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Papers of the Week

Papers: 15 Jul 2023 - 21 Jul 2023


Human Studies, Molecular/Cellular, Neurobiology

Orofacial/Head Pain

2023 Jun 30

J Clin Med




State of the Art in Temporomandibular Joint Arthrocentesis-A Systematic Review.


Siewert-Gutowska M, Pokrowiecki R, Kamiński A, Zawadzki P, Stopa Z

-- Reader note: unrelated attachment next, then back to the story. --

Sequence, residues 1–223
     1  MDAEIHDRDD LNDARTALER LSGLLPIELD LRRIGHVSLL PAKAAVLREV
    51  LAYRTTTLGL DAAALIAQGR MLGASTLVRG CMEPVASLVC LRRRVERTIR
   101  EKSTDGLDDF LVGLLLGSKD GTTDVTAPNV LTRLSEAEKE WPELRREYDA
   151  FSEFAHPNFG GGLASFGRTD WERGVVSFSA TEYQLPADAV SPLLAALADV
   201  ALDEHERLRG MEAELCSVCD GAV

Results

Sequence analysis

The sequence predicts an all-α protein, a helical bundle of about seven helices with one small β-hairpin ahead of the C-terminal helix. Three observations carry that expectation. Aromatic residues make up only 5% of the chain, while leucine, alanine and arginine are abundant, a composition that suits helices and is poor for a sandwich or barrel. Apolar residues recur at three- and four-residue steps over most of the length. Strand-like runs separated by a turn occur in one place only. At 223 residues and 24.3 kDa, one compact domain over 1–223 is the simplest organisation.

Temporomandibular joint disorders are a heterogenic group of clinical conditions, which impair physiological functioning of the masticatory system. Arthrocentesis of the temporomandibular joint has become a widely approved method for non-invasive treatment, bridging the gap between conservative and surgical approaches. Regardless of technique, treatment is based upon joint lavage and lysis of the inflammatory fibrous tissue adhesions, which, in turn, improves joint mobility and reduces pain and closed lock. Recently, approaches for intra-articular injections have been proposed as adjuvant or replacement therapy. The aim of this study was to assess the most efficient technique of arthrocentesis. A systematic search based on PRISMA guidelines, including a computer search with specific keywords, a reference list search and a manual search, was performed. Relevant articles were selected after three search rounds for final review. The studies pulled for the analysis presented information about the relevant predictors, including the technique of arthrocentesis (single- or two-needle method), fluid used for lavage (Ringer lactate or saline), volume of the fluid, application of the injectable, number of interventions, pain (VAS) and mouth opening scores (MMO) and follow-up. All cohorts showed improvement in mouth opening, but significant pain reduction was observed only in cohorts treated either by arthrocentesis alone or arthrocentesis followed by intra-articular injectables. Intra-articular injectables used alone failed to reduce pain post-operatively when compared to other cohorts. We concluded that both double-needle and single-puncture arthrocentesis techniques are equally efficient. Application of the adjuvant injectable did not improve the outcomes of arthrocentesis performed alone. The volume of the fluid used for joint lavage and its chemical composition were not significant in clinical outcomes. However, due to the lack of homogeneity in the study settings, a meta-analysis could not be applied and a systematic review was conducted. We still, however, state that there is a knowledge gap in the current literature regarding the use of injectables alone, as well as a longitudinal follow-up, which provides information about treatment efficiency. More high-quality and randomized controlled trials are required to shed light on this subject.